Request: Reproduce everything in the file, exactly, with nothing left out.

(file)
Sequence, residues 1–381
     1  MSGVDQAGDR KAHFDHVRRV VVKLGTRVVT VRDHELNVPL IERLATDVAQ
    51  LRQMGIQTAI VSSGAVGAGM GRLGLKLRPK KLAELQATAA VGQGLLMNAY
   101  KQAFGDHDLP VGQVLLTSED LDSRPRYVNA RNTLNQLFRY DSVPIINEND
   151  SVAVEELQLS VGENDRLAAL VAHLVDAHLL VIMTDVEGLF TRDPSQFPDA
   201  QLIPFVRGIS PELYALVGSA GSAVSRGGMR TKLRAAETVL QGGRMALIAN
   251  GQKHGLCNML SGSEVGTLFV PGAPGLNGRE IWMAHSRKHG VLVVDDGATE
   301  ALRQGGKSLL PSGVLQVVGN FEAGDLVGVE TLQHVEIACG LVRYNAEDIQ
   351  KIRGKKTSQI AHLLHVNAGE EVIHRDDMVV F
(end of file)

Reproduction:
Sequence, residues 1–381
     1  MSGVDQAGDR KAHFDHVRRV VVKLGTRVVT VRDHELNVPL IERLATDVAQ
    51  LRQMGIQTAI VSSGAVGAGM GRLGLKLRPK KLAELQATAA VGQGLLMNAY
   101  KQAFGDHDLP VGQVLLTSED LDSRPRYVNA RNTLNQLFRY DSVPIINEND
   151  SVAVEELQLS VGENDRLAAL VAHLVDAHLL VIMTDVEGLF TRDPSQFPDA
   201  QLIPFVRGIS PELYALVGSA GSAVSRGGMR TKLRAAETVL QGGRMALIAN
   251  GQKHGLCNML SGSEVGTLFV PGAPGLNGRE IWMAHSRKHG VLVVDDGATE
   301  ALRQGGKSLL PSGVLQVVGN FEAGDLVGVE TLQHVEIACG LVRYNAEDIQ
   351  KIRGKKTSQI AHLLHVNAGE EVIHRDDMVV F